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Late last year Congress passed the Tax Relief, Unemployment Insurance Re-authorization, and Job Creation Act, (the “Act”) which was signed into law by President Obama on December 17, 2010, reinstating a federal estate tax for tax years 2010 through 2012.  For 2010 deaths, representatives may be treated under the law as it existed in 2010 (no estate tax, but no step up in basis) or the new law.

ESTATES OF PERSONS DYING  IN 2011 & 2012:  For persons dying in 2011 and 2012 the federal estate tax exemption will be $5 million, with tax on anything over that amount charged at 35%, and the decedent’s assets receiving a full step-up in basis to date of death value.

The estate tax has also been reunified with federal gift tax law so that the gift tax exemption will also be $5 million, and the tax rate for both of these taxes will be 35%. The Generation Skipping Tax, targeting certain gifts to grandchildren and other persons in succeeding generations, has also been reinstated with the same rate and limits.  Beginning in 2012 the exemption amounts will be indexed for inflation.

For many clients the new law means simplification of their estate plans.  The estate tax exemption is now subject to the so called “portability provision.”  This allows married couples to directly apply any unused portion of the estate tax exemption of the first spouse to die to the surviving spouse’s estate tax exemption. This will effectively allow married couples to pass up to $10 million to their heirs free from estate taxes without requiring the use of a second, separate “By-pass Trust” which complicated prior estate tax planning for married persons.  However, it may still be advisable to set up second trust if you have children from a prior marriage, or your estate must provide ongoing care for family members in need.

ESTATES OF PERSONS DYING  IN 2010:  If you are dealing with an estate in which the decedent passed away in 2010 you need to be aware of the following changes in the tax law which may impact the estate:

1. ESTATES VALUED AT LESS THAN $5 MILLION.  The Estate Tax is reinstated retroactively for estates of decedents who died in 2010 unless the estate representative elects not to subject the estate to the tax.  If the estate representative does not elect out of the estate tax the exclusion for 2010 estates is $5 million, the maximum rate of taxation is 35%, and assets acquired from a 2010 decedent’s estate will receive an income tax basis stepped up to date of death value.

Because the exemption eliminates estate tax in these less than five million dollar estates it makes sense to accept the benefit of the new law with its full step-up in basis to date of death values for all assets of the estate.  This means on a subsequent sale of an estate asset the capital gains tax will be calculated on the difference between date of death values and the sales price, instead of on the value of the gain over the original acquisition value, potentially resulting in a substantial tax savings.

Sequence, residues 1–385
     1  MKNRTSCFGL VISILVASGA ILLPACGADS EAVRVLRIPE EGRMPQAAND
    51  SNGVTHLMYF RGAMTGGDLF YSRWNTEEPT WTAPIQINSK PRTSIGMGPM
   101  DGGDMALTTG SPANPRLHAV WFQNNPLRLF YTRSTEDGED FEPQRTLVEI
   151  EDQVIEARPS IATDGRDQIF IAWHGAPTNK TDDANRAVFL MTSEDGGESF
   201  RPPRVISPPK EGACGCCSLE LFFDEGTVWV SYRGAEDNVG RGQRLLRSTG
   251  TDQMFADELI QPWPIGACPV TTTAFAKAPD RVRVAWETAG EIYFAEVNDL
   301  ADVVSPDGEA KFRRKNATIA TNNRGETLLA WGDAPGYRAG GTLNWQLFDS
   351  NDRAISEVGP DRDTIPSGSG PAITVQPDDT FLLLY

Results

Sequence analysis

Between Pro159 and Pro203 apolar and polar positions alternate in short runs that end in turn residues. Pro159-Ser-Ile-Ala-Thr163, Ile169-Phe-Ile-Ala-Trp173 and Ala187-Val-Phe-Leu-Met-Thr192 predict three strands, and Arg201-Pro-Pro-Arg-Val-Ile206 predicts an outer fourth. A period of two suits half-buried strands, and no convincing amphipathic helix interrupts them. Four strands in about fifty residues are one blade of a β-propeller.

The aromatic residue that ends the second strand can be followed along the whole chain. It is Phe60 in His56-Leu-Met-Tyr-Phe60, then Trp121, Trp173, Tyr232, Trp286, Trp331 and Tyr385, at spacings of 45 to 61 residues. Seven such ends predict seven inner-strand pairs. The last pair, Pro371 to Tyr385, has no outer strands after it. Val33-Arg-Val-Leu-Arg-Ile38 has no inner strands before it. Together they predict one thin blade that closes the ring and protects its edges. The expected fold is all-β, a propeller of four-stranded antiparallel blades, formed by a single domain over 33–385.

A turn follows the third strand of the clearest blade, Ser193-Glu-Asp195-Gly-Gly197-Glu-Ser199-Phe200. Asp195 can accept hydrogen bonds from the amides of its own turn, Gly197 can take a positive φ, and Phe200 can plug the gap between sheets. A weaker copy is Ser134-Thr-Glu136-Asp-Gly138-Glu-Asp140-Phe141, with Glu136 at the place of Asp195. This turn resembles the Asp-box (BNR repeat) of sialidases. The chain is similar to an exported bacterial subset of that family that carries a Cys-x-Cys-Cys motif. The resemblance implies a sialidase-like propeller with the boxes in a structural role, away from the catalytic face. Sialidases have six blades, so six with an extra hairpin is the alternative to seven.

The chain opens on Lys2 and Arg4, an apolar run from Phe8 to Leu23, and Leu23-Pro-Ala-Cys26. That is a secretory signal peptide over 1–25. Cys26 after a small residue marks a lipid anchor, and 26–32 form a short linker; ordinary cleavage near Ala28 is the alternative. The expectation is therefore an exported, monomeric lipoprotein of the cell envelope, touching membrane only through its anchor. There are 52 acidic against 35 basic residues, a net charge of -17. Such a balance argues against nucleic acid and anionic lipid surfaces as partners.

2. ESTATES VALUED AT MORE THAN $5 MILLION.  The estate of any 2010 decedent which exceeds the $5 million exemption must be carefully analyzed by the representative.  The representative must make his evaluation based on the size of the estate, the composition of the assets, and the adjusted basis of those assets in order to make an appropriate decision.  A decision made to opt out of the new law must be made before September 17, 2011 – the extended return due date adopted in the new law for decedent’s dying before December 17, 2010.

If the representative opts out of the new law, there will be no estate tax on the decedent’s estate, but the estate will not receive a full step-up to date of death values for purposes of capital gains taxation on the subsequent sale of estate assets.  Instead, the estate will be subject to “carryover basis” rules.   However, depending on the size of the estate, and the type of property, this may not matter.  Under carry over basis rules, there is a step up in basis for the first $1.3 million worth of selected assets for all beneficiaries, and if the beneficiary is a surviving spouse, an additional $3 million of assets may be stepped up to date of death value, for a total of $4.3 million in stepped up assets.   For this reason, in selected circumstances, it may make economic sense to opt out of the new law, for example, with an estate consisting largely of cash or cash equivalent assets with little or no capital gains.  Let us assume an estate which leaves the surviving spouse a total of $10 million, of which less than $4.3 million represents appreciated assets and the balance cash or cash equivalents.  In that case, the spouse should opt out of the new law, stepping up the appreciated assets while avoiding estate tax.